I believe that trees are the answer to a lot of questions about our future. These include: How can we advance to a more sustainable economy based on renewable fuels and materials? How can we improve literacy and sanitation in developing countries while reversing deforestation and protecting wildlife at the same time? How can we pull carbon out of the atmosphere and reduce the amount of greenhouse gas emissions, carbon dioxide in particular? How can we increase the amount of land that will support a greater diversity of species? How can we help prevent soil erosion and provide clean air and water? How can we make this world more beautiful and green? The answer is, by growing more trees and then using more wood, both as a substitute for non-renewable fossil fuels and materials such as steel, concrete and plastic, and as paper products for printing, packaging and sanitation. The forest industry stands accused of some very serious crimes against the environment. It is charged with the extinction of tens of thousands of species, the deforestation of vast areas of the Earth, and the total and irreversible destruction of the ecosystem. If I were one of the urban majority and thought the forest industry was causing the irreversible destruction of the environment, I wouldn’t care how many jobs it created or how many communities depended on it; I would be against it.
I have spent the last 15 years trying to understand the relationship between forestry and the environment, to separate fact from fiction, myth from reality. Since 1991, I have chaired the Sustainable Forestry Committee of the Forest Alliance of British Columbia. This has provided me with an ideal opportunity to explore all aspects of the subject. This article is the synthesis of what I have learned. But first, let me give you a little background.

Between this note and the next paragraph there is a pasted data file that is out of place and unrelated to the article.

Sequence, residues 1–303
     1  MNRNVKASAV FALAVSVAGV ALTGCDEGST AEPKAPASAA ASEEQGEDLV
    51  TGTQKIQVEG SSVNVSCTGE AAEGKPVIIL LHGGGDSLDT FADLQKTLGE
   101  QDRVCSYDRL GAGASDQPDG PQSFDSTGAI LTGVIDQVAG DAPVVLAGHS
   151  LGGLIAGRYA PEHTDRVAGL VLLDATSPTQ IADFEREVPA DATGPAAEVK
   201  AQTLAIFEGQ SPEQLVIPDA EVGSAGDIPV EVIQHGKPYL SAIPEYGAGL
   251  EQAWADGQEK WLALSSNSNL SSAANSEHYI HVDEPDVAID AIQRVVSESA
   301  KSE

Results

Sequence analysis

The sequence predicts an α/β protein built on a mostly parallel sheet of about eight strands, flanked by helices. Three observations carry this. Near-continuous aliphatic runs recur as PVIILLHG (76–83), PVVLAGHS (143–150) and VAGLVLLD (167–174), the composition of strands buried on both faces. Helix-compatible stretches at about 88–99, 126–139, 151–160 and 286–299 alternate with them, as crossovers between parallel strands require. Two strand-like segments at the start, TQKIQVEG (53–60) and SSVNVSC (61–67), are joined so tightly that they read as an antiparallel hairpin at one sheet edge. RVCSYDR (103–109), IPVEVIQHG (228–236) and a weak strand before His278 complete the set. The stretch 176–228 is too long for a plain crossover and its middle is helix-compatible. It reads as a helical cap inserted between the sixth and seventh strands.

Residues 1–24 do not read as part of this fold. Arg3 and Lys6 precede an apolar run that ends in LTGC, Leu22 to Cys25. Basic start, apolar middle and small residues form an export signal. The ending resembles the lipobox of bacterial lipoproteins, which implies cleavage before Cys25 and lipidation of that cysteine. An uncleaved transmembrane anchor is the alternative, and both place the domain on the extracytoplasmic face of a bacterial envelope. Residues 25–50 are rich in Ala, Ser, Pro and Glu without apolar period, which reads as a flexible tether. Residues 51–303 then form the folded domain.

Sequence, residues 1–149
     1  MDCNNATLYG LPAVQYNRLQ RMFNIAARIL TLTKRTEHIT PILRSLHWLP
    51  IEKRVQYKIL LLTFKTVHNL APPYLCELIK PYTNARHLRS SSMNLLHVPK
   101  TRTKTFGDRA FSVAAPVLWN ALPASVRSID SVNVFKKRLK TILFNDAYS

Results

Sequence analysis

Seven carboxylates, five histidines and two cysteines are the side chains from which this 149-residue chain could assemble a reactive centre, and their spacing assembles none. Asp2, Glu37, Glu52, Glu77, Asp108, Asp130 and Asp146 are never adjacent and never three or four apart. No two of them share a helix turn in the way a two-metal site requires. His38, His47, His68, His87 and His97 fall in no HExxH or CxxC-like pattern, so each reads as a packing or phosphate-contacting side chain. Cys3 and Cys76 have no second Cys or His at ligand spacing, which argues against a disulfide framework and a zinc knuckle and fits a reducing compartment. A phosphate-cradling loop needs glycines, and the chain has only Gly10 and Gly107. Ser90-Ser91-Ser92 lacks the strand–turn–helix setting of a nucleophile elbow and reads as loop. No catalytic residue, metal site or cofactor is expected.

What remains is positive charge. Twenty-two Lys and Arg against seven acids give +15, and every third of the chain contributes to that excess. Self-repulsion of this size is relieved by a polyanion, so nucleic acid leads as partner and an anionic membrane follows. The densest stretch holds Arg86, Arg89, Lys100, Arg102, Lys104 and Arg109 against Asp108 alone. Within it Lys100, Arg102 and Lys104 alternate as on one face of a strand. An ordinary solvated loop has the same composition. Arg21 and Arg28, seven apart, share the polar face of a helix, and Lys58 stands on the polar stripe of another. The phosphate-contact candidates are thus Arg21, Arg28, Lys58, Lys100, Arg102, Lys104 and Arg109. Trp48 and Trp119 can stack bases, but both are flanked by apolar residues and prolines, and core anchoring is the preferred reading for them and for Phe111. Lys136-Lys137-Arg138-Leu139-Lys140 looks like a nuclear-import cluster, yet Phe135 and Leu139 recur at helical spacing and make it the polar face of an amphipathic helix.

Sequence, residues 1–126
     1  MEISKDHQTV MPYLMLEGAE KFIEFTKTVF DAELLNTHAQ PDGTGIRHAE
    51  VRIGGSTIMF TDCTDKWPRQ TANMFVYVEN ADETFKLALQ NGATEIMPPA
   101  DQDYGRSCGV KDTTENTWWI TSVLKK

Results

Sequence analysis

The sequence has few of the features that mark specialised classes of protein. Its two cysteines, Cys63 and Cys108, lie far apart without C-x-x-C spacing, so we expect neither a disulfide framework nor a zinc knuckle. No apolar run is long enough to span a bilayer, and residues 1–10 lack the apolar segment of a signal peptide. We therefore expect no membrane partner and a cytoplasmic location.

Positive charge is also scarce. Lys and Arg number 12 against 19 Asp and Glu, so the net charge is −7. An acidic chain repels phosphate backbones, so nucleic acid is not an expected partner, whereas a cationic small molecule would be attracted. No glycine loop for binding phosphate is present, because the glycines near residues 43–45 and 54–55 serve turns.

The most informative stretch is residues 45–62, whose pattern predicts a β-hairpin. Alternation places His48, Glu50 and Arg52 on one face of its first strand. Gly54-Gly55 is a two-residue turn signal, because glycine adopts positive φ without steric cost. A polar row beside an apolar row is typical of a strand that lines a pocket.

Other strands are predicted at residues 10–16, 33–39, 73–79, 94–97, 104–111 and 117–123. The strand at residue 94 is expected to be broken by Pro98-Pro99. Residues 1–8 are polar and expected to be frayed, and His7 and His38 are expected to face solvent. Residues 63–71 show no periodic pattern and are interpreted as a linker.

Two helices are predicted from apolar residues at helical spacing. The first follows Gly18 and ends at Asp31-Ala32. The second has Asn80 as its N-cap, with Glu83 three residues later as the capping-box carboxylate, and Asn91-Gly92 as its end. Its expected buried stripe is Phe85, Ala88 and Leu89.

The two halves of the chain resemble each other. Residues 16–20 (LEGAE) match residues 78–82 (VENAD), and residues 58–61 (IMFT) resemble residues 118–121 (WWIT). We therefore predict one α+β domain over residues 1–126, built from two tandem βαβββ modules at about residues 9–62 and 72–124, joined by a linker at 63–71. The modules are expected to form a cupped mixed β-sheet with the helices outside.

I was born and raised in the tiny fishing and logging village of Winter Harbour on the northwest tip of Vancouver Island, in the rainforest by the Pacific. I eventually attended the University of British Columbia studying life sciences. It was when I discovered ecology that I realized that through science I could gain an insight into the mystery of the rainforest I had known as a child. I became a born-again ecologist, and in the late 1960s, was soon transformed into a radical environmental activist. I found myself in a church basement in Vancouver with a like-minded group of people, planning a protest campaign against U.S. hydrogen bomb testing in Alaska. We proved that a somewhat ragtag looking group of activists could sail a leaky old halibut boat across the northern Pacific Ocean and change the course of history. By creating a focal point for opposition to the tests, we got on national TV news in Canada and the United States, building a ground swell of opposition to nuclear testing in both countries. When that bomb went off in November 1971, it was the last hydrogen bomb ever detonated on planet Earth. Even though there were four more tests planned in the series, President Nixon canceled them due to the public opposition. This was the birth of Greenpeace. Read More